The mitral valve, shaped like a liturgical headdress worn by bishops and abbots called a miter, is the "inflow valve" for the left ventricle, the heart's main pumping chamber. Blood flows from the lungs, where it picks up oxygen, across the open mitral valve and into the left ventricle. When the heart squeezes, the two leaflets of the mitral valve snap shut and prevent blood from backing up to the lungs. Blood is directed out of the heart to the rest of the body through another valve, the aortic valve.
According to Dr. Gammie, there are two major problems that can occur with the mitral valve. "It can be too tight, so it doesn't allow blood into the main pumping chamber. Or, the valve can be leaky, so when the heart is squeezing, instead of sending blood where it's supposed to go, it backs up and goes in the wrong direction."
Dr. Gammie says that about 90 percent of patients who come to the University of Maryland Medical Center for mitral valve treatment have leaky valves, and their most common symptom is shortness of breath.
The goal during surgery, says Dr. Gammie, is to "expose the valve, get a good look at it, determine the exact problem, and perform the repair to create a valve that is water-tight and works perfectly."
Mitral valve surgery was first performed in 1960, when surgeons replaced the diseased, native valve with an artificial valve. For the next 20 years, valve replacement was the gold standard, using either a metal, mechanical valve or a valve made from cow tissue.
Dr. Gammie says neither device is as good as a patient's own valve. The metal valve tends to form blood clots, so patients must take a blood thinning medication for the rest of their lives, with the risk of bleeding. The tissue valves are less likely to cause clots, but they last only 10 to 15 years.
"Both of those are reasonable options," says Dr. Gammie, "and certainly better than not fixing a diseased valve. But we really like the idea of fixing a person's own mitral valve. We have a very high success rate of doing that."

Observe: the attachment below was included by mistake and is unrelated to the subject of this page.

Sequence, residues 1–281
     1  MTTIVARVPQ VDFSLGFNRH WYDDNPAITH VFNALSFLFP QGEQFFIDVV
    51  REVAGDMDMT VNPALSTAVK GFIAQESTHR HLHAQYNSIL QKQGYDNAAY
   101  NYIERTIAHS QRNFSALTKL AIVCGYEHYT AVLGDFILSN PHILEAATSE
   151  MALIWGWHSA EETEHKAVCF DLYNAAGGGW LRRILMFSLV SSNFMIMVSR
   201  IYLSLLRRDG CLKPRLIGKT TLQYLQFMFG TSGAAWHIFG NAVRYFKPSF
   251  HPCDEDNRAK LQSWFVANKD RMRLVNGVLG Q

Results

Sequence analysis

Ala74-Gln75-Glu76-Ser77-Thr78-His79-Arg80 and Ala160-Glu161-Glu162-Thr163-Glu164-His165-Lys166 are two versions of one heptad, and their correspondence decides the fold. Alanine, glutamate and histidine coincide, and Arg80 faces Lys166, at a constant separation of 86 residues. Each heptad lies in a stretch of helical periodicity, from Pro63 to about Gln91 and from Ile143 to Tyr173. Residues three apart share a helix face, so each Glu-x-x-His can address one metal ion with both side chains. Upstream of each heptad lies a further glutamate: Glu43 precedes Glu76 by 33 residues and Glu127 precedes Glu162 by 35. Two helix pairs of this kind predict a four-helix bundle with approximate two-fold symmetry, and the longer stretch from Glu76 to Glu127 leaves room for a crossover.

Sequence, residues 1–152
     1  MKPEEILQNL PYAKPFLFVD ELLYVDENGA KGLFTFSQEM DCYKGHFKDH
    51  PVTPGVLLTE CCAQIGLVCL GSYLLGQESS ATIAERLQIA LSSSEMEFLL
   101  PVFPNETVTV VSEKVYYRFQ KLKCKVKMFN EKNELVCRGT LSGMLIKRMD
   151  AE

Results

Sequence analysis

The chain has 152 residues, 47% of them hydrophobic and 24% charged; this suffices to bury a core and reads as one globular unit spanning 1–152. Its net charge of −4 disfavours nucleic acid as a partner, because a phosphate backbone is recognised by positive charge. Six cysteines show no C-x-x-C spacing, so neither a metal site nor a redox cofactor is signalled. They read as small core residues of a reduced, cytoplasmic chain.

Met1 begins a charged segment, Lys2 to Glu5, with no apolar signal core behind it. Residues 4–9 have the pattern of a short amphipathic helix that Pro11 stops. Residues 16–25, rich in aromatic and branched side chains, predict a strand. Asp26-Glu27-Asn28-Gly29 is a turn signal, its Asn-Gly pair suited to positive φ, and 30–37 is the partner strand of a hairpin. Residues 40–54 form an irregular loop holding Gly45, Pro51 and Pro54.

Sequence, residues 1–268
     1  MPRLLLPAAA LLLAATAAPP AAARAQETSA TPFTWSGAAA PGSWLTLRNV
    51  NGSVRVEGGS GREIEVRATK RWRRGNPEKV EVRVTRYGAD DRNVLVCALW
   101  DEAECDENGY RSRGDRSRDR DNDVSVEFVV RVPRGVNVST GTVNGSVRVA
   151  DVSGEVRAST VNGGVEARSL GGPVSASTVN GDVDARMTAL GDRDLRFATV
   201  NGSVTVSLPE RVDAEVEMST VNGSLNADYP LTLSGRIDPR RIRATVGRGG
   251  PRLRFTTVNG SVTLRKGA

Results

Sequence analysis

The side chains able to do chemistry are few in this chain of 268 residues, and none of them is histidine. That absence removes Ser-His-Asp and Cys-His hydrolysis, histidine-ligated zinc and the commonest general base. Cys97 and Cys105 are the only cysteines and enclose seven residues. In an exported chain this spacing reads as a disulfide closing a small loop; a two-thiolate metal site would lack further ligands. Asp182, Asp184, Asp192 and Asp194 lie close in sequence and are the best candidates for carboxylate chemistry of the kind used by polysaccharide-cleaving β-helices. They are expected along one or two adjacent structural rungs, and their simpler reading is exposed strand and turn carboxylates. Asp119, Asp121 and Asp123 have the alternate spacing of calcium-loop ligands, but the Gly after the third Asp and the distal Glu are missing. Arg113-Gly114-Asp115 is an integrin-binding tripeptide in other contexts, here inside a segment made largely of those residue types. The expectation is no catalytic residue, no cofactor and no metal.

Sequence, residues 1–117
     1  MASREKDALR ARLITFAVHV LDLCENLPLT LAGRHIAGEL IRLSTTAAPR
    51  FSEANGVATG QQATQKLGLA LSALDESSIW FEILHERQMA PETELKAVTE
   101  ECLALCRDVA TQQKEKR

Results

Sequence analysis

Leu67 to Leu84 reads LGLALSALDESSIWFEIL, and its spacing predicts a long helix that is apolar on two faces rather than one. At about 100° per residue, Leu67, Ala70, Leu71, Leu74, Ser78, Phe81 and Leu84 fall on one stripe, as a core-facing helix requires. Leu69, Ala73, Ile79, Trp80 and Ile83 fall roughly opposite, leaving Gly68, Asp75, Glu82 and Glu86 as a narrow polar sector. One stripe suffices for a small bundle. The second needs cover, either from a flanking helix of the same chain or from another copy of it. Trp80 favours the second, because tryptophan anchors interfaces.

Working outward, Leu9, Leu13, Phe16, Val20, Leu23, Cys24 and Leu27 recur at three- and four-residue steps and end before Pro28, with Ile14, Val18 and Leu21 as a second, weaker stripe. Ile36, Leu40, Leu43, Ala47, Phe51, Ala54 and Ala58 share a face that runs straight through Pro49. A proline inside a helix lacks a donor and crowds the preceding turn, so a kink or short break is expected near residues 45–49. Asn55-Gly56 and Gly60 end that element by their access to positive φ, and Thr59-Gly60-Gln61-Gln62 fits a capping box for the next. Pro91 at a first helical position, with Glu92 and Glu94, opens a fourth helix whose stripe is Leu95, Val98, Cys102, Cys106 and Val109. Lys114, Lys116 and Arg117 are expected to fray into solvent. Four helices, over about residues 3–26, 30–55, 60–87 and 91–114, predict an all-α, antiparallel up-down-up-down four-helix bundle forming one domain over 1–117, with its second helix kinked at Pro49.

According to nationwide data, about six percent of patients with a valve replacement do not survive the surgery. But Dr. Gammie says with a mitral valve repair, the chance of survival is about 98 percent.
Several factors influence those numbers. The risk of stroke during and after valve repair is extremely low compared to valve replacement. Artificial valves can cause infection, but infection is unlikely when the patient's own valve is repaired. Further, repairs are much more likely to last for the rest of the patient's life.
Despite the benefits of repair over replacement, only about 40 to 45 percent of mitral valves nationwide are repaired. In centers that specialize in mitral valve repair, such as the University of Maryland Medical Center, that rate has climbed to about 90 percent. "Not every valve can be fixed," says Dr. Gammie. "There are some that are too damaged and beyond repair. But we feel that a team approach focused on fixing the valve truly helps patients. And the ability to do the repair with a minimally invasive approach takes the patient benefits to an even higher level."
This Webcast activity has been approved for AMA PRA credit, which is sponsored by the University of Maryland School of Medicine.